Scottsdale facility takes weapons training to the next level

- A Scottsdale weapons training facility is the first in the country to offer private citizens access to the latest virtual technology that is only available to law enforcement and military agencies.

Besides that, the program is a pioneer in the industry, taking weapons training to the next level.

Haley Strategic physically and mentally immerses its trainees in the scenario, and private citizens from all over the country are coming to Scottsdale to attend its D7 program.

It's not just the technology that is cutting edge here. The instructor is as well.

"We wanna know if you can be more adaptive, and take a different approach to your thinking, not just shooting a gun," said Travis Haley.

Haley is well known in the weapons industry. An Iraq War veteran, Marine force reconnaissance special operations, weapons training and law enforcement, CEO. His program focuses on the person before weapon, and uses bio mechanics and neuro-feedback to exercise and train the shooter's brain.

"If you wanna be great, you have to be deliberate," said Haley.
This exercise focuses on timing.

"He's really trying to be in time with what's going on," said Haley. "Specifically, his trigger finger, because he has to have good accountability of that, becausethat's whats sending the projectile into society."

Another focuses on rhythm, using an interactive metronome system. It measures neuro-feedback, show how fast or slow your brain and hand responded.

"What we're really focused on here is are we impulsive?" said Haley. "Being early on the timer or are we really behind. Are we late? And trying to find a balance."

The next exercise focuses on balance, and the last part of the two-day program is when all the fun happens: the tactical and technical part of the training.

"We take all the systems and processes and test it here in the Virtra simulator," said Haley.

"The sign outside says 'Thinkers Before Shooters,'" said Jason Mulcahy, General Manager of Virtra.. "That core philosophy is behind what we do with our simulators. We want judgmental use of force."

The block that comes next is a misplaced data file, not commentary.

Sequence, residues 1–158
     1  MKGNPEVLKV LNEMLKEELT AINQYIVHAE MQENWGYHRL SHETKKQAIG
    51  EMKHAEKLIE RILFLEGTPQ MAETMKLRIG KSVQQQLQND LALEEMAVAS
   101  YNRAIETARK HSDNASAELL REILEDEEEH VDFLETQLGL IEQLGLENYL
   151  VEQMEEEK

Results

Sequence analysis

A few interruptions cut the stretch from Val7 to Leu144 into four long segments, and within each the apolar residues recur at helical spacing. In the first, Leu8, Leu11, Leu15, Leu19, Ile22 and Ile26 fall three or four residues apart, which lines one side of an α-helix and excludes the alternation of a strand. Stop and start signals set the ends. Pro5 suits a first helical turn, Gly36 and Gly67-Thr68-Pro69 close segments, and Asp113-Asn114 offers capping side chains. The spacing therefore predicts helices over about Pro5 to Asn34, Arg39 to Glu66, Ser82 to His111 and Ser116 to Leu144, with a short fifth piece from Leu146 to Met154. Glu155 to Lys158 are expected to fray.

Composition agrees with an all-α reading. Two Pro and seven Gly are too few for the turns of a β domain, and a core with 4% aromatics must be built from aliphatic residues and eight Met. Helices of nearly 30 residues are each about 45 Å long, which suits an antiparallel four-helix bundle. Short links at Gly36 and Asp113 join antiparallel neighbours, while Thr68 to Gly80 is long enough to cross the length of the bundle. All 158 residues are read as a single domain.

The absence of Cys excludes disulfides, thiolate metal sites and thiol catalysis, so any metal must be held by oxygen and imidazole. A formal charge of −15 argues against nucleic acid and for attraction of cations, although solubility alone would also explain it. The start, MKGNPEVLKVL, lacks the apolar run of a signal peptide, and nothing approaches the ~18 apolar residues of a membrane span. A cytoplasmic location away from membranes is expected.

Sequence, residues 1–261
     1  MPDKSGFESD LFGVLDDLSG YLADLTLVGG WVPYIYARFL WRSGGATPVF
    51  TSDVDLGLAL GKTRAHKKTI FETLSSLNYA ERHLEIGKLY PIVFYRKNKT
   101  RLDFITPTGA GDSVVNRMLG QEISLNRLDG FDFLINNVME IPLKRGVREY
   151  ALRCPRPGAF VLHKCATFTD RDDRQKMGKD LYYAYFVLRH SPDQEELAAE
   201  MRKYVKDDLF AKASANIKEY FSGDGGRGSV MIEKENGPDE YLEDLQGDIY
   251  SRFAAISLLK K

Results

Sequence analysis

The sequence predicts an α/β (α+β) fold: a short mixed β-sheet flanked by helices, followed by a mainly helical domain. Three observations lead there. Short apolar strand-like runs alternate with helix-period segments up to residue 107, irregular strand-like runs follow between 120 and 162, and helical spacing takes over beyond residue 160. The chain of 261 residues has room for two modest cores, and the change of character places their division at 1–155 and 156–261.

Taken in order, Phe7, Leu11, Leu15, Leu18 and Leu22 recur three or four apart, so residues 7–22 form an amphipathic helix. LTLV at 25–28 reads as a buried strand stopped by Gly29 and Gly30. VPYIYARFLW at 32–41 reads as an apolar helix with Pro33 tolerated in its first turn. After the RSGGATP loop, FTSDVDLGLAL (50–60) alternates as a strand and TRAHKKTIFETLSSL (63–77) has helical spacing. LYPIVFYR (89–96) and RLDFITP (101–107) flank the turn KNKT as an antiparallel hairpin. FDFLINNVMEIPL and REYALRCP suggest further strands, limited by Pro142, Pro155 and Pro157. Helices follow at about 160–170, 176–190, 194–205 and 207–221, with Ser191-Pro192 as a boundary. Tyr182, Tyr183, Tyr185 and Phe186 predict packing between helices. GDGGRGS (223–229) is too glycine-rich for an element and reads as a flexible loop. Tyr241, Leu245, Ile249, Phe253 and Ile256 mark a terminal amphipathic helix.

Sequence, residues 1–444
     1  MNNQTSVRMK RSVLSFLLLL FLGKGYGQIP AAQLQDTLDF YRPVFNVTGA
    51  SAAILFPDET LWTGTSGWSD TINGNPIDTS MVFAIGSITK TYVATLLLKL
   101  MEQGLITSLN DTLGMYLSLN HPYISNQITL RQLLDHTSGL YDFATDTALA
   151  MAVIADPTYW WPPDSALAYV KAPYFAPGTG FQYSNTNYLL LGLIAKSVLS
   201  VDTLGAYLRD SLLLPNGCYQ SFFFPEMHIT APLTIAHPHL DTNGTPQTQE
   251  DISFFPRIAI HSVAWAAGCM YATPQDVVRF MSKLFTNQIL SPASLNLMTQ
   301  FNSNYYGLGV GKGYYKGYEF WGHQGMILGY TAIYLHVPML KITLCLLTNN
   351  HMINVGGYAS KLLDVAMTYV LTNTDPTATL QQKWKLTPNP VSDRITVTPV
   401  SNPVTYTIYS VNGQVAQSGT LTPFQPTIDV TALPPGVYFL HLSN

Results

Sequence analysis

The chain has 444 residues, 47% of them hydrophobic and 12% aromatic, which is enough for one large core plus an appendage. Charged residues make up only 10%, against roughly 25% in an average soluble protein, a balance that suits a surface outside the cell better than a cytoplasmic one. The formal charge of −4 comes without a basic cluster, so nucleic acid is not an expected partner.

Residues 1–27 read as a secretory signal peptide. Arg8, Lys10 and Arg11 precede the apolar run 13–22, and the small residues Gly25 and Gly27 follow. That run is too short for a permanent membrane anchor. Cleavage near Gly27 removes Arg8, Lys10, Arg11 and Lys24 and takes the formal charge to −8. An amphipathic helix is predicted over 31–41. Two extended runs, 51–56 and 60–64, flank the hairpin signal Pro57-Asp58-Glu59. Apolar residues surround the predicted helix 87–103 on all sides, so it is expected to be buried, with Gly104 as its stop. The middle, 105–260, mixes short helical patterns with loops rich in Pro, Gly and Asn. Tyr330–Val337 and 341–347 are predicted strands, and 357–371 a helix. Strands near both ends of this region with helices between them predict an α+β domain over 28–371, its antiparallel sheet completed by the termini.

Virtra made the 300-degree virtual simulator, which until now was only offered to law enforcement and military agencies. Haley Strategic is the first and only private company they've worked with.

"The thing that's different about this, versus other simulators is that it still is human against human," said Haley. "So, my instructor is sitting right there. All the input that's going into this screen, which is a dynamic environment, it's constantly changing. It gives us the ability to have live feedback."

"I wanted to come here to see what its all about," said David Laird, Director of Training for C2 Tactical. "I found that hes using a lot of medical science that's used with professional athletes to the firearms industry. What I've seen today is a lot of forward thinking, which I didn't think is possible with a simulator. I'd say you get about five to seven day's worth of training in just two days."

"It's not to go out and look for trouble, just to be prepared, in case something does arise," said trainee Gary Kermott. "You know, golfers now measure their swing speed, ball speed, handles of attack, things like that. That's what I feel like they're doing here."

Eugene Oh, a local physician, has attended different weapons training programs for the past 15 years. He is familiar with Haley's reputation in the industry.

"I think he digs a lot deeper into understanding the biomechanics. Why certain things make more sense. He has more of a kinesthetic approach to it," said Oh. "When you're there and you've gone through a situation like this, and you see how fast things happen and how adrenaline affects your responses, then you begin to understand and appreciate what they're going through things that most of us can't understand."

"Haley, you can tell with the program, he's already thinking light years from now where he wants to go with it," said Laird.

"It comes down to good judgment, good tactics and good angles, and being situationally aware," said Haley.

Haley and Virtra believe this is the future of law enforcement and military training. It should not only produce swift and accurate shooters, but confident shooters with good judgment. 

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